The judgment in Charman v Charman was handed down by the Court of Appeal on Thursday 24 May. The appeal, which was dismissed, was by John Charman against the award made by Mr Justice Coleridge to Beverley Charman in Charman v Charman  EWCA 1879;  1 FLR 593. The appeal was heard by the Court of Appeal over the course of three days at the beginning of March 2007. Insurance magnate John Charman was challenging the decision to award his former wife £48m of their £131m fortune which was built up entirely over the course of their 27 year marriage. That award had been justified by Mr Justice Coleridge sitting in the High Court on the basis that some departure from equality of division was appropriate as a result of the special financial contribution made by Mr Charman to the matrimonial assets.The details of the appeal can be seen at May  Fam Law 450. A summary of the Court of Appeal judgment and a copy of the transcript can be found under Cases below.
James Freeman, solicitor at City law firm Speechly Bircham LLP, comments:
'John Charman's team, which numbered five counsel including two QCs, have clearly tried every argument they could come up with in order to reduce on appeal the largest financial award on divorce in English legal history. His wife's equally formidable phalanx of legal advisors have, however, succeeded in repulsing his assault.
In order to succeed, Mr Charman was always going to have to bring down, or at least dent, one of two bastions of the law in this area. One is that all resources available to the parties, including assets held in trusts, should be taken into account. The other is that, in coarse terms, where there is more wealth around than the parties actually need, the approach is '50/50 or why not?' In the event both remain unscathed. In fact the concept of equal sharing seems now to be strengthened from a 'yardstick' to a 'principle'. The fact that such shades of meaning require debate in the higher courts may itself be of no small concern to litigants. Nonetheless, Mr Charman's staggering wealth generation during the marriage ranked as a special contribution, justifying a departure from equality.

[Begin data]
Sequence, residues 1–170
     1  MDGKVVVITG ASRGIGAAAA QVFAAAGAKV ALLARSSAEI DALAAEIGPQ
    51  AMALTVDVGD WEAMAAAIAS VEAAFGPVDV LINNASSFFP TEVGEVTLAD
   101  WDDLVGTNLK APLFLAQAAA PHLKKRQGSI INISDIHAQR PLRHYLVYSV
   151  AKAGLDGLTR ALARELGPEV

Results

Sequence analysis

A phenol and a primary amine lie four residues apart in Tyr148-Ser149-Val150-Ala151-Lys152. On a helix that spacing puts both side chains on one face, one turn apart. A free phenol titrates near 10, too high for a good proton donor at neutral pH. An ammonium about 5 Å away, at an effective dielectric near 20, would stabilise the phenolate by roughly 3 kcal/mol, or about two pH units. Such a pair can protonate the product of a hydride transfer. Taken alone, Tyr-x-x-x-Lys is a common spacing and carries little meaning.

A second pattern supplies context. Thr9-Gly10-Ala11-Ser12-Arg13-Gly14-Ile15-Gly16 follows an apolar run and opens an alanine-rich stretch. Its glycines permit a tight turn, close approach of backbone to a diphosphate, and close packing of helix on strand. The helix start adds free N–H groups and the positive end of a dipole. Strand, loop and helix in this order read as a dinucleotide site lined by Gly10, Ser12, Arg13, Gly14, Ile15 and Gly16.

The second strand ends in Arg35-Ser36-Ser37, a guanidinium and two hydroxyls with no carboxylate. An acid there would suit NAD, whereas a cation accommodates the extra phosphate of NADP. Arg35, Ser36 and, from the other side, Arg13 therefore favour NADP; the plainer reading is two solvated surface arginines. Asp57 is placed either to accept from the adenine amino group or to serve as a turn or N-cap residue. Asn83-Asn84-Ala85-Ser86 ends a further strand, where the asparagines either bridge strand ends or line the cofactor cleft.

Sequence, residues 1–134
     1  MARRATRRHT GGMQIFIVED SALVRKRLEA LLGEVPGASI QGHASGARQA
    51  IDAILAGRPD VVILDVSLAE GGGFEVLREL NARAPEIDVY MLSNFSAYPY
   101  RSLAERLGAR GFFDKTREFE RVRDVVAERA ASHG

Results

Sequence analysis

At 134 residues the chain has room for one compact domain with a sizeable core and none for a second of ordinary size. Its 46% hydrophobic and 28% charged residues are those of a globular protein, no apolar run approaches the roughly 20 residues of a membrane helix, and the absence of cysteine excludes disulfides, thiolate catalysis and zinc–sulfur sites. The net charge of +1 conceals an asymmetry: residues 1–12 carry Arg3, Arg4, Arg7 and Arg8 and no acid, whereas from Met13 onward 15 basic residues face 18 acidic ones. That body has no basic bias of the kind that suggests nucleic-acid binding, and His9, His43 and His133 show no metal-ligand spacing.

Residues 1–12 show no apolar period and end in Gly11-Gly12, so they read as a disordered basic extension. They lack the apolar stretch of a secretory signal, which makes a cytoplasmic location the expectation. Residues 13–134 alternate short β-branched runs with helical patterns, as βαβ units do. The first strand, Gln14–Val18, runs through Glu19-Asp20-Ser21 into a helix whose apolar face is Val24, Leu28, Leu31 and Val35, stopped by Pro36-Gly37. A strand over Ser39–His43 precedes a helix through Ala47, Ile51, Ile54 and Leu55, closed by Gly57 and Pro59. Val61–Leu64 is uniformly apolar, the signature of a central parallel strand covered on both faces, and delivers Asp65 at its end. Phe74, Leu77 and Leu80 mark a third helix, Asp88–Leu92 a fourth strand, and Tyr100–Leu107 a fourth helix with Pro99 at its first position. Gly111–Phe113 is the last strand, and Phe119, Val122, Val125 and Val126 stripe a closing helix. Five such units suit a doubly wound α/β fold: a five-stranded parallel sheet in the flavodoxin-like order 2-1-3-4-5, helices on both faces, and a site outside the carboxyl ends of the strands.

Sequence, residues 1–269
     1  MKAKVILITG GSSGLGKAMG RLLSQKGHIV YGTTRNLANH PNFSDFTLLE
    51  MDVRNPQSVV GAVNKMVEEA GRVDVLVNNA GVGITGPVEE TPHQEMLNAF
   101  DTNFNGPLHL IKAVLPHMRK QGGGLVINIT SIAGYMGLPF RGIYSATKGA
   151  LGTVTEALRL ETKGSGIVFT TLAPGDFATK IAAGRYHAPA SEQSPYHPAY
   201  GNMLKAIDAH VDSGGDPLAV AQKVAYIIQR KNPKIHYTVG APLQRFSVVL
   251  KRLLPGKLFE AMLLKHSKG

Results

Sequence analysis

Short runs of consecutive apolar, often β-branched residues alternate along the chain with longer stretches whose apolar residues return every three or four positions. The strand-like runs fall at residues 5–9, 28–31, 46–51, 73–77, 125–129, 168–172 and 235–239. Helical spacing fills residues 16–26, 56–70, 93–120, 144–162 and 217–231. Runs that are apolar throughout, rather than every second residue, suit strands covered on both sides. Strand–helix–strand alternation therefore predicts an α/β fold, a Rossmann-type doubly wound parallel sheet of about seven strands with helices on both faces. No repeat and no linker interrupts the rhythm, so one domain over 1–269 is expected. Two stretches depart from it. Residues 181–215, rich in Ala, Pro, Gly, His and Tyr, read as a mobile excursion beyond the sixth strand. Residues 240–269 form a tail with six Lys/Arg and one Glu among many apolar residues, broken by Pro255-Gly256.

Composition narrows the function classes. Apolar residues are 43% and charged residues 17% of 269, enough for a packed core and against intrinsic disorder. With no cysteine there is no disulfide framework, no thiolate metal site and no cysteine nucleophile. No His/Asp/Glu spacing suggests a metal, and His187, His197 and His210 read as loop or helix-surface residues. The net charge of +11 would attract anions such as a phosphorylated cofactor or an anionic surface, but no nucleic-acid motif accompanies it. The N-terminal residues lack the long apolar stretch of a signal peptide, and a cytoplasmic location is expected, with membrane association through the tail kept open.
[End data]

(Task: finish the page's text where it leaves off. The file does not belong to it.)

Where there are trust interests, even huge ones as in this case, it is more and more clear that where a party can probably rely on the trustees to ride to his assistance laden with funds, the court will include those funds among the parties' resources. Indeed I would ask how the Court could possibly effect justice between the parties were this not the case.
The most interesting aspects of this judgment may be those found in comments as to the future direction of the law. There is a candid admission that London is now viewed as the 'divorce capital of the world' and it is an open question whether this is desirable in a jurisdiction keen to attract wealth from around the world. Perhaps because of this there is also strong support for prenuptial agreements. Even though at this point they are influential rather than binding, it is increasingly obvious that no wealthy, engaged and sane individual should be without one.'